Electronic recycling event draws a crowd
Tuesday, December 30, 2008
By Jason Hardin, News & Record
(See photos of the E-Recycle Drive)
GREENSBORO - They sat in the sun like fossils in an electronic graveyard.
Monitors, printers, DVD players, televisions, keyboards, CPUs, all spread out in a hotel parking lot, their bone-white exoskeletons gleaming in the sun.
If it had a chip for a brain or ever felt electricity flow through its circuits, it was represented there - even rows of towering big screen TVs, the T-Rexes of the electronic dinosaur kingdom.
All were losers in the electronic Darwinism of the holidays, when an ocean of newly purchased electronic gadgets creates a corresponding ocean of freshly obsolete electronics.
And on Tuesday, they wound up in piles, ready to be dismantled, during a special holiday electronic waste recycling event at the Proximity Hotel.
The sheer volume of goods surprised recycling officials, who had to adjust the setup of the site on the fly after waiting cars began piling up on Green Valley Road.
Still, they were enthused about the heavy turnout. All those electronics in the parking lot meant that many fewer electronics in the landfill, where all kinds of heavy metals can trickle into the water supply.
"It's great," said Susan Heim, Guilford County's environmental services coordinator. "We got backed up out to the highway earlier."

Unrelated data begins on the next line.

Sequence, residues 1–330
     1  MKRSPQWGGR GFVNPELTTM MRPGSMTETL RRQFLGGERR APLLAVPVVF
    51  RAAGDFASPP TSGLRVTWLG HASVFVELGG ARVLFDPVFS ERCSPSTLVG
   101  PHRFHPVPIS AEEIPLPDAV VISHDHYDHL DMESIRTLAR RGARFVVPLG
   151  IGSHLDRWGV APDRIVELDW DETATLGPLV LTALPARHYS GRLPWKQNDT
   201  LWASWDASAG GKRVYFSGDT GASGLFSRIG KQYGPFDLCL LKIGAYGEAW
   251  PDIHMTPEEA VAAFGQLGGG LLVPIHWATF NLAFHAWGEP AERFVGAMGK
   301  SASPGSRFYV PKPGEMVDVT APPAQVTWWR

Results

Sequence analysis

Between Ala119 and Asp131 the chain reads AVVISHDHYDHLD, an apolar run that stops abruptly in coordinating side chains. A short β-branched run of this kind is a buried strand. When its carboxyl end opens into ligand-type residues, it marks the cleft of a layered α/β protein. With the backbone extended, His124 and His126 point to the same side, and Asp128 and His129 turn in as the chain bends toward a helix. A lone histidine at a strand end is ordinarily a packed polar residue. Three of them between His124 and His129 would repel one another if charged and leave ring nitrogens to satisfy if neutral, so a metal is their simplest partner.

Much of the demand might have come from the still-new concept of recycling electronics.
The city and county jointly run a electronic waste drop-off site on Patterson Street, but many who came Tuesday weren't aware of it, Heim said.
Those lining up in their cars to drop off electronics cited a desire to avoid sending harmful waste off to be buried in the landfill.
"I would never just put it in the regular trash," said Ashley Poteat of Greensboro, sounding horrified at the notion.
Poteat dropped off some old computer parts and phones, but not everyone has quite gotten the definition of e-waste yet.
"We had one gentleman bring a lava lamp," Heim said.
But that was an exception, and the electronics kept piling up.
Eddie Raynard, who oversees the e-waste program for the city, estimated the drive would net some eight tractor-trailer loads.
Their ultimate fate? Trucked up to Madison and dismantled.
But for a few hours, they could still hope for a reprieve, could imagine the parking lot as an Island of Misfit Electronics - not to mention a testament to the power of the American consumer.
Some ancient, some apparently no more than a few years old, if that, they sat stacked on pallets, a forklift weaving around the lines of cars.
Workers staggered under the unwieldy loads of awkward-to-carry televisions.
If you stretched the combined cords from end to end, it might reach all the way to West Wendover Avenue.
In the end, though, they were stacked, wrapped with plastic and loaded up.
But who knows? Perhaps the metals taken from the electronic corpses could end up in the circuits of the next generation of electronics.
Better. Stronger. Faster. From death, new electronic life.
And the cycle begins again.